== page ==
This does not mean Mrs. Clin­ton's record should not be scru­ti­nised as much as Mr. Trump's. Ex­cept that this scru­tiny should not be tainted by prej­u­dice. If both can­di­dates were male, the de­bate would be about who is more qual­i­fied to be Pres­i­dent. When this yard­stick is used, it is dif­fi­cult to see how Trump can hold a can­dle to Clin­ton. Nev­er­the­less, her fas­tid­i­ous in­tel­lect and con­tri­bu­tions to do­mes­tic and for­eign pol­icy have mat­tered very lit­tle. She is be­ing be­smirched be­cause she, a woman, has the au­dac­ity to seek po­lit­i­cal power. She is the real anti-es­tab­lish­ment can­di­date in this pres­i­den­tial cam­paign, not Trump who has boasted about tak­ing ad­van­tage of the hous­ing cri­sis and gam­ing the tax code.

If Trump wins the elec­tion, it would not be be­cause he ar­tic­u­lated bet­ter poli­cies for mov­ing the coun­try for­ward. It would be be­cause of sex­ism against Clin­ton in a coun­try that has per­formed re­mark­ably poorly on global mea­sures of gen­der bal­ance. For in­stance, the U.S. ranks as the worst de­vel­oped coun­try for ma­ter­nal health (placed 61st in the world) in State Of The World's Moth­ers 2015, pub­lished by Save the Chil­dren. It is also the only de­vel­oped coun­try where women do not re­ceive paid ma­ter­nity leave, even though re­search has linked paid ma­ter­nity leave to bet­ter health for moth­ers and ba­bies. The coun­try is also ranked 28th on the World Eco­nomic Fo­rum's Global Gen­der Gap In­dex (GGGI) 2015.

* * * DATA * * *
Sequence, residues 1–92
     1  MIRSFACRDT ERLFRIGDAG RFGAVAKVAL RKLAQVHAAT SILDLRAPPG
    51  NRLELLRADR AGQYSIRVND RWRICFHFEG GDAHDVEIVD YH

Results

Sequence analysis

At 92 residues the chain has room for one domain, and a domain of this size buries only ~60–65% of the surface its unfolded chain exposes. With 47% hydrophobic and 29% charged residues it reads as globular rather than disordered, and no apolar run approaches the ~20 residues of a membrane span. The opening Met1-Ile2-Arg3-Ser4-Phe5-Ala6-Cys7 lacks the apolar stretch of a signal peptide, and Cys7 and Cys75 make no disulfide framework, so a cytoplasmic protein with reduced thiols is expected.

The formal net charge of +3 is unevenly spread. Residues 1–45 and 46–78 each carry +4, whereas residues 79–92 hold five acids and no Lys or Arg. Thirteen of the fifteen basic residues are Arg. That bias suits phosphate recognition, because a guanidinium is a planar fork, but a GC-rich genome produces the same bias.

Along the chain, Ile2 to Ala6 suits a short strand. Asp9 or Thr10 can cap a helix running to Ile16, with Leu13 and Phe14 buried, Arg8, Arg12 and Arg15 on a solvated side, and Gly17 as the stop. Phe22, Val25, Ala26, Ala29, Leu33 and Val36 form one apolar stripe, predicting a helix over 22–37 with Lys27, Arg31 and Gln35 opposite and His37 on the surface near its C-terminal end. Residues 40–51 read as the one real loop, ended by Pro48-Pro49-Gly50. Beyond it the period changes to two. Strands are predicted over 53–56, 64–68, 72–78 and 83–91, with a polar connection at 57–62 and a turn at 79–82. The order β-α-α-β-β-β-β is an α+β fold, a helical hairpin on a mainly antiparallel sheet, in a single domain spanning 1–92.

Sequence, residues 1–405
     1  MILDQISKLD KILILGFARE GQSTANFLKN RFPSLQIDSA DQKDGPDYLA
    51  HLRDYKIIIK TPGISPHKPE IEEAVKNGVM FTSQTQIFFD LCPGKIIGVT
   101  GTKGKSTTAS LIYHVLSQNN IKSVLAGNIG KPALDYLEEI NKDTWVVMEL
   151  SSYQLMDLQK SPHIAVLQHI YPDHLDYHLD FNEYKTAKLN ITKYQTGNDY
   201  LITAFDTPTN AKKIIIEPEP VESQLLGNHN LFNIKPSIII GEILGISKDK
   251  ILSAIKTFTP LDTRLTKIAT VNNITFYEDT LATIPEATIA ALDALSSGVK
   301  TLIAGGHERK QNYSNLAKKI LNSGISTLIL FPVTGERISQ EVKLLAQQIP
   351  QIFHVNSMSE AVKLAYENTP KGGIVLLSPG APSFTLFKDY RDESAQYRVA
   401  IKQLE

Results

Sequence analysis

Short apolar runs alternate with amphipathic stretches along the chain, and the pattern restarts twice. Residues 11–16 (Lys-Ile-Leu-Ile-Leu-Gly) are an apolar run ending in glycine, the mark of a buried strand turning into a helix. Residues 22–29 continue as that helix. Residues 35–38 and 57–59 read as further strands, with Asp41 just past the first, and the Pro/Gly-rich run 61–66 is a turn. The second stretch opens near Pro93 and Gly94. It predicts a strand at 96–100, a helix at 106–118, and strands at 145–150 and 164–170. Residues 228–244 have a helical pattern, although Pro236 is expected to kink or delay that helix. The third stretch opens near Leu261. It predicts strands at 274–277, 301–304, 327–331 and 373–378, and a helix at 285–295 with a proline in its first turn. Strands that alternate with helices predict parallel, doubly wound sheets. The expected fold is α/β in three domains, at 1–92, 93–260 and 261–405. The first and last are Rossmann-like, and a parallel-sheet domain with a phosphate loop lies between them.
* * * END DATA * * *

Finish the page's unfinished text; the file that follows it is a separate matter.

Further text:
Sex­ism has cer­tainly fos­tered gen­der in­equal­ity around the world. A Clin­ton pres­i­dency will give her the van­tage po­si­tion to fight harder in do­ing away with that cul­ture that with­holds op­por­tu­nity from women, not only in the U.S. but also in other coun­tries like Nige­ria, which ranks 125th on the over­all GGGI 2015.